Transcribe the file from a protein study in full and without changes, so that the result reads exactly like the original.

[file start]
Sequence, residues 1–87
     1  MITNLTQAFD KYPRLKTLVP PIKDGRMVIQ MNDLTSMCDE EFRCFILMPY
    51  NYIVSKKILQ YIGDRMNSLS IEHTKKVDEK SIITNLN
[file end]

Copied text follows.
Sequence, residues 1–87
     1  MITNLTQAFD KYPRLKTLVP PIKDGRMVIQ MNDLTSMCDE EFRCFILMPY
    51  NYIVSKKILQ YIGDRMNSLS IEHTKKVDEK SIITNLN